The wind and the tears.

Journal Entry: February 20, 2012

I am at the swoop before the leap. That point where the momentum – the prospect of air beneath the wings – takes one to their tiptoes, rising. Clumsy from being tethered and ruffled, there is still an air of the fervor my mind once fell to, and I am squinting my eyes now at the climb; the wind and the tears.

The Wind and the Tears (unedited from negative scan of Fuji 400H 120)

Please note: this image, and any other images posted from this roadtrip will be available for purchase. You can check out the new contact/purchasing tab (or click the blue lettering) for information.

29 thoughts on “The wind and the tears.

    1. It was incredible, thank you. The writing meant a lot to me as I wrote it in the morning that I left, and maybe means more now that the trip is done. Feels good to be able to begin to share.

    1. Have you ever stuck your head out the car window? The wind makes your eyes water because it dries them out. I think flying would do the same thing. It’s also an expression of how happy I was at the idea of the journey.

  1. Beautiful words, James. And knowing that you wrote them on the morning you left make them even more touching – as I can imagine it must have been a somewhat emotional time for you.

    Welcome back, and off to a flyer with this sweeping (yeah, it’s intended) shot of yours!

  2. …still an air of the fervor your mind once “fell” to…this is an interesting choice of word since it seems as though the place your mind once was was actually high…you are rising up…it makes me wonder this: what does it mean to have our minds “fall”, in fervor, to a great, mountainous height? Perhaps there are even greater heights than you imagine here. Your words point to a higher, much higher place from which your mind fell to a place which is still a height to climb…you are reaching…is this an Icarus image?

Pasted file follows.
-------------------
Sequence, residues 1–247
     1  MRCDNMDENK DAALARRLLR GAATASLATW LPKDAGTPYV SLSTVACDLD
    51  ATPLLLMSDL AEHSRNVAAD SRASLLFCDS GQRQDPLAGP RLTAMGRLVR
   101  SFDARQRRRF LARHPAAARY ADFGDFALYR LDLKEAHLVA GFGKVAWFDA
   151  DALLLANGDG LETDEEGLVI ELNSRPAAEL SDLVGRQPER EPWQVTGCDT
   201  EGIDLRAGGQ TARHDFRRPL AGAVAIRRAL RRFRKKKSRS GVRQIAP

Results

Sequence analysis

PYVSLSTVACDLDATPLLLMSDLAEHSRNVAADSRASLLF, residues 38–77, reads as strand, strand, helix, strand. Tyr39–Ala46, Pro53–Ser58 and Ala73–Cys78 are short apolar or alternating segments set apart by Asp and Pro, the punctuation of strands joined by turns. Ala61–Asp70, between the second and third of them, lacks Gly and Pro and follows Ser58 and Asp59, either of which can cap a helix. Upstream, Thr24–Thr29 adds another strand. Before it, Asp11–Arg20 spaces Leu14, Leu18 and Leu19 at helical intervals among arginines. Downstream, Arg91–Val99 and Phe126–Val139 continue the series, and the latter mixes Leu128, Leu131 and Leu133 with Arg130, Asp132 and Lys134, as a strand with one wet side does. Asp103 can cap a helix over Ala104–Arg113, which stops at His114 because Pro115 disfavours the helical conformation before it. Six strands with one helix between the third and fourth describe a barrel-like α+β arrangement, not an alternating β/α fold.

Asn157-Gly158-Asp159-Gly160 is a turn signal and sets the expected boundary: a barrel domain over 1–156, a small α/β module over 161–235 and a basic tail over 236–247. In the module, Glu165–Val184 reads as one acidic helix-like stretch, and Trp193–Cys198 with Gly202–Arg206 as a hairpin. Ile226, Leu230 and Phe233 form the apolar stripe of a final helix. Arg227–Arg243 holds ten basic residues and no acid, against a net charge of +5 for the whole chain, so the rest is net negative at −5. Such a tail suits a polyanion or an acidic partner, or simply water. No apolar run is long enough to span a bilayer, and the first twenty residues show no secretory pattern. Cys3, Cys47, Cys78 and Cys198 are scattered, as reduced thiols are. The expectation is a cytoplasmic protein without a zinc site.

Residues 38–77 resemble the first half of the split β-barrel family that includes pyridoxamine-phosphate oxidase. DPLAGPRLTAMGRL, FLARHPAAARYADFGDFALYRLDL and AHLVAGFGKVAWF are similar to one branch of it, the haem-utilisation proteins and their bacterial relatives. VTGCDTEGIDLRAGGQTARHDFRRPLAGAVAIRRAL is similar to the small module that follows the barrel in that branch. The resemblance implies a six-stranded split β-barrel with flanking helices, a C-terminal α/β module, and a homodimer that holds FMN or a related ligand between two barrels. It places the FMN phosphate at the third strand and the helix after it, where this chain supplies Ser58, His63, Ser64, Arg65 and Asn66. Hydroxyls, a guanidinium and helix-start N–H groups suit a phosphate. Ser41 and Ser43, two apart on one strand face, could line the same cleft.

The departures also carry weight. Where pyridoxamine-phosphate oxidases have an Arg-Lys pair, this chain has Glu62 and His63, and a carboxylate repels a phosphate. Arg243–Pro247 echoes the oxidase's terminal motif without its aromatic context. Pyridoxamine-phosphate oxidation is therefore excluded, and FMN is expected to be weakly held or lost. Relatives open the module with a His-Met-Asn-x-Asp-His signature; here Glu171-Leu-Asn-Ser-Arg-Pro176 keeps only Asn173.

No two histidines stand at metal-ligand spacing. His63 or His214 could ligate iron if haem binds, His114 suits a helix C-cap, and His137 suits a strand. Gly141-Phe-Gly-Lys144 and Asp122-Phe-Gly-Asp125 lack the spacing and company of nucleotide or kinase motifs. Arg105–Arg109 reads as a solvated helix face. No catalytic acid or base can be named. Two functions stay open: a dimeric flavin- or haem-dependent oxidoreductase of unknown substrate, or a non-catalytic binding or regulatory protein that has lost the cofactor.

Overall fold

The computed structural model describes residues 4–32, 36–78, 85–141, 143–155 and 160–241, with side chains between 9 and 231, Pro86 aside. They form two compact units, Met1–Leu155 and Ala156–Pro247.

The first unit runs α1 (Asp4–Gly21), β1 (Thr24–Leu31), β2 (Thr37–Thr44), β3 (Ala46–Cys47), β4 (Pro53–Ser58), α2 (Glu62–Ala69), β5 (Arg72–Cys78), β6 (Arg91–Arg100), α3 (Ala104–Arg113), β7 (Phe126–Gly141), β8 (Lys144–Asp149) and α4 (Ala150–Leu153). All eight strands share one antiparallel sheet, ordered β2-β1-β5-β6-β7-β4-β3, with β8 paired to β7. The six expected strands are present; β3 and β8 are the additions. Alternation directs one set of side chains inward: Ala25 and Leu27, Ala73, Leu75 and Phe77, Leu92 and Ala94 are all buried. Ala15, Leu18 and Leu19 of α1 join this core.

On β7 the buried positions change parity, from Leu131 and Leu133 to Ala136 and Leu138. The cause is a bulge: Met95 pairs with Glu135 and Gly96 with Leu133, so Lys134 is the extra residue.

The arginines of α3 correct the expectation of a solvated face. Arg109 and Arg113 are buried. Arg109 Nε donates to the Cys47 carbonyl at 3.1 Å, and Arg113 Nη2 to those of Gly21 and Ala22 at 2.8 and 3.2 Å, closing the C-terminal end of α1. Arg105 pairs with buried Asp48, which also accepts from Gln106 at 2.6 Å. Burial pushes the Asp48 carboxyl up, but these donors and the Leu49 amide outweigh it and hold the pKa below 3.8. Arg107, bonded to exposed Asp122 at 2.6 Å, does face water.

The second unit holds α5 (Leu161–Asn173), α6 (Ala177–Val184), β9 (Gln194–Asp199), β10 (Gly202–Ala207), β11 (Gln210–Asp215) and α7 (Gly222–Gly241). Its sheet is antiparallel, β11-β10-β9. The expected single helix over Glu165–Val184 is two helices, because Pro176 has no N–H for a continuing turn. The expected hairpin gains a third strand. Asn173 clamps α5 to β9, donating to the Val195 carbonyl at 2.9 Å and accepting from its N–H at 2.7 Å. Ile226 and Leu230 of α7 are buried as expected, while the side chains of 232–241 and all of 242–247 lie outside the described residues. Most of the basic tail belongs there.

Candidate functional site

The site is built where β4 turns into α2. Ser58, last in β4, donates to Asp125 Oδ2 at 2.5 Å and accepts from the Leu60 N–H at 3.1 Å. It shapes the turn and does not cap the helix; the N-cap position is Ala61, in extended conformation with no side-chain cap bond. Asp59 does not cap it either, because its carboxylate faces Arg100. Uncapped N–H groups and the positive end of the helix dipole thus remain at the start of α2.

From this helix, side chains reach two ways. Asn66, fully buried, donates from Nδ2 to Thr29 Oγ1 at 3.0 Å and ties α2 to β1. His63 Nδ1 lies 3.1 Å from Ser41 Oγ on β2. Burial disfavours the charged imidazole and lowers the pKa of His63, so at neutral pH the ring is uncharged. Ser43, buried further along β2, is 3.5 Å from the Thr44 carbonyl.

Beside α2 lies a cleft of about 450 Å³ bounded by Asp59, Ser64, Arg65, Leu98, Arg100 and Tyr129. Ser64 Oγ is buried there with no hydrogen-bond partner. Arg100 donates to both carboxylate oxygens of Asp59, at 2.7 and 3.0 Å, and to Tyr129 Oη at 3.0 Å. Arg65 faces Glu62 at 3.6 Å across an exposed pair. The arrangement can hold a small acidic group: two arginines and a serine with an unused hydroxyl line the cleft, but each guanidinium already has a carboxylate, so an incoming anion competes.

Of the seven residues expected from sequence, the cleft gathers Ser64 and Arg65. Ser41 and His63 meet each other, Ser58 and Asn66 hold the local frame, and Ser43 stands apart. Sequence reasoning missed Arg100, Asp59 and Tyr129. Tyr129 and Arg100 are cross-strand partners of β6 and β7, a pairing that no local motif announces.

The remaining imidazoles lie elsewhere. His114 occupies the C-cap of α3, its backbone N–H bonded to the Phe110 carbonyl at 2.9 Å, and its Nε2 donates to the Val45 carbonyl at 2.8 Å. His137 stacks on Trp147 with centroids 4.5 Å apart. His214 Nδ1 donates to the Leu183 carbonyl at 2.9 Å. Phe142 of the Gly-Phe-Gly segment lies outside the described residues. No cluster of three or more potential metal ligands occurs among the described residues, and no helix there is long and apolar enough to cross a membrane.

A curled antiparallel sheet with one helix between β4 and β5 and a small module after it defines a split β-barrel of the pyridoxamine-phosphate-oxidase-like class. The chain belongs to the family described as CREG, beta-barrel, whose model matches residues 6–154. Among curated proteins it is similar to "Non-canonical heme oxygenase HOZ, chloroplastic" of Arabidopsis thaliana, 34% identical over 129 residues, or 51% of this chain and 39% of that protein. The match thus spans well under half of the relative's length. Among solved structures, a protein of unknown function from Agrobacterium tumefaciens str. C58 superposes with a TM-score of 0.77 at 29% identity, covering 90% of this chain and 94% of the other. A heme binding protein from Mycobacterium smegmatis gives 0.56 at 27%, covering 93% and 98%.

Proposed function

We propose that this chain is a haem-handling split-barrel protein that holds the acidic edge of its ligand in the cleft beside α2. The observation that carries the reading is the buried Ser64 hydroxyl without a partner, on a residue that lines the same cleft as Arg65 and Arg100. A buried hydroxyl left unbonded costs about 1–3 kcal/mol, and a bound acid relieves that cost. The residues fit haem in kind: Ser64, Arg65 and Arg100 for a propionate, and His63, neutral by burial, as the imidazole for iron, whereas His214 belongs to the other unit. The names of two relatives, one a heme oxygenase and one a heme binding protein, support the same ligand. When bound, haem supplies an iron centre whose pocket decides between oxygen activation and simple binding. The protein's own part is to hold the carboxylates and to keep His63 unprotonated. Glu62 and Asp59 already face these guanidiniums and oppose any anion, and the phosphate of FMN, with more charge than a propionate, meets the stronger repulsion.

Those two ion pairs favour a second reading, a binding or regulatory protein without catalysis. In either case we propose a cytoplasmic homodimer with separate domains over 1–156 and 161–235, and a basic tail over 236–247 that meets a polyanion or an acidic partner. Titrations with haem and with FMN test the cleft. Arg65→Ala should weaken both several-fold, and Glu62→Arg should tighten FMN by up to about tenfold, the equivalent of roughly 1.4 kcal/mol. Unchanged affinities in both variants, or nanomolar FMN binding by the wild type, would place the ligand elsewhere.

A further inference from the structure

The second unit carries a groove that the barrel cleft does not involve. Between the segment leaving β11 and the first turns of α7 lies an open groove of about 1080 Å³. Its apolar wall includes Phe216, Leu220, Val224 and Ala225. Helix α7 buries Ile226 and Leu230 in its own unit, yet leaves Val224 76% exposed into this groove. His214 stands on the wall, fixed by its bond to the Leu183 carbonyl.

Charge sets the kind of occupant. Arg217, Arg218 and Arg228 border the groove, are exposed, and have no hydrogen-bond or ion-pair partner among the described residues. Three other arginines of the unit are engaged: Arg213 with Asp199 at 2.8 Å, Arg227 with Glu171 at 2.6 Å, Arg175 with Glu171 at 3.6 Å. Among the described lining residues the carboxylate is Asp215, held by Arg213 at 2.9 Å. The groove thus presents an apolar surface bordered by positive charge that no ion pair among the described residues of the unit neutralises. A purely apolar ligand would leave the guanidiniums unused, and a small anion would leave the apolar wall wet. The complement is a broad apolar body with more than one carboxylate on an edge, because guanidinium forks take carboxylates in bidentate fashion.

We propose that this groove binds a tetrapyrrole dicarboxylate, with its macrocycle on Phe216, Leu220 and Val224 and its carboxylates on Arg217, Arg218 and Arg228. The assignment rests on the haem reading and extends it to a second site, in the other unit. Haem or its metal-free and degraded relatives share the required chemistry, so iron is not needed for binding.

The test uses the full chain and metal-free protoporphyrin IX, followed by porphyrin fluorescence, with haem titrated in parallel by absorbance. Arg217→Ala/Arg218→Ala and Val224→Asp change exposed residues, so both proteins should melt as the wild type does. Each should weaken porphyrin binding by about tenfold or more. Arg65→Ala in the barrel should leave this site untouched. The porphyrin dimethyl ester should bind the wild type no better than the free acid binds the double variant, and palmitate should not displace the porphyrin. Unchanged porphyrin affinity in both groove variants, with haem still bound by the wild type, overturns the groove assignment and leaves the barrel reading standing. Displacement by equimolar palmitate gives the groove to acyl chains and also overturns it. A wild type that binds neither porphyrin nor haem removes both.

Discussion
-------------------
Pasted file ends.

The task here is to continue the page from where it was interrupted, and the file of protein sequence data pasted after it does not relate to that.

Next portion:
1. Hi Anna – your thoughts are so interesting. I’d like to take credit, but I just used ‘fell to’ since it’s a phrase that can describe beginning or resuming a task, and usually a physical task (at least that’s the way it is in my head). Still, what you said is definitely between the lines – I was expecting to surpass where I had been previously. And no Icarus metaphor (or I hope not: bad ending).

      1. Hmmn…I don’t know what you’ll think of this, but I thought I’d mention that perhaps you’d enjoy checking out meditation, Buddhist meditation. It just seems like something you might really take to, depending on the kind of meditation you find…and, yes, no Icarus endings. Meditation, for me, addresses my quest for the “beyond”, and whatever that means…the Heart Sutra being very meaningful and engaging on this journey to “higher” places.

      2. Funny you should mention that. I studied some Buddhist philosophy in college, which led to being invited to a weekend-long meditation retreat, and a meditation practice that was a 6 day/week thing for about 4 months. Haven’t been doing it much in the last couple of years. Mindful breathing is still a daily practice, though, and it helps a lot as I’m sure you know.

  3. I’ll think of your words here tomorrow when I walk and watch the morning hawks in our Longleaf woods. So glad to have discovered “between frames.”

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